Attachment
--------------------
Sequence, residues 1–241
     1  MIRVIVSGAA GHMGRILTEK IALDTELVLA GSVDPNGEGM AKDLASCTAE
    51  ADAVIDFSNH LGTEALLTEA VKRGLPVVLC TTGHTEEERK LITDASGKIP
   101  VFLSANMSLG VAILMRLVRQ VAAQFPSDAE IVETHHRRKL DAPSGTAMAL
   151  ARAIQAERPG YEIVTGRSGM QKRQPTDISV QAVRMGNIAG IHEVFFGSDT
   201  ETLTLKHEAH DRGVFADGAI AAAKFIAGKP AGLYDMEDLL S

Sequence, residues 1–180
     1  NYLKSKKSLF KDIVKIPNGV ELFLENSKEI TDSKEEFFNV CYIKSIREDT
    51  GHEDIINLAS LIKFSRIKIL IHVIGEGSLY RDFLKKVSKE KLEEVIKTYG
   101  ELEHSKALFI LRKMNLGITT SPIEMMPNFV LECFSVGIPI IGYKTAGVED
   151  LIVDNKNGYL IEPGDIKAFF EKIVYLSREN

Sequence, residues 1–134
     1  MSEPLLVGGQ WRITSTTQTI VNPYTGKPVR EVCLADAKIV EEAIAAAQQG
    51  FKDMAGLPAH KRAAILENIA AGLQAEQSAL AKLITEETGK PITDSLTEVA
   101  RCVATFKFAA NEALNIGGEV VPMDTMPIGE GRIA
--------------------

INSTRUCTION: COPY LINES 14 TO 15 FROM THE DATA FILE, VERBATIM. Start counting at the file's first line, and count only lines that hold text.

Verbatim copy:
    51  FKDMAGLPAH KRAAILENIA AGLQAEQSAL AKLITEETGK PITDSLTEVA
   101  RCVATFKFAA NEALNIGGEV VPMDTMPIGE GRIA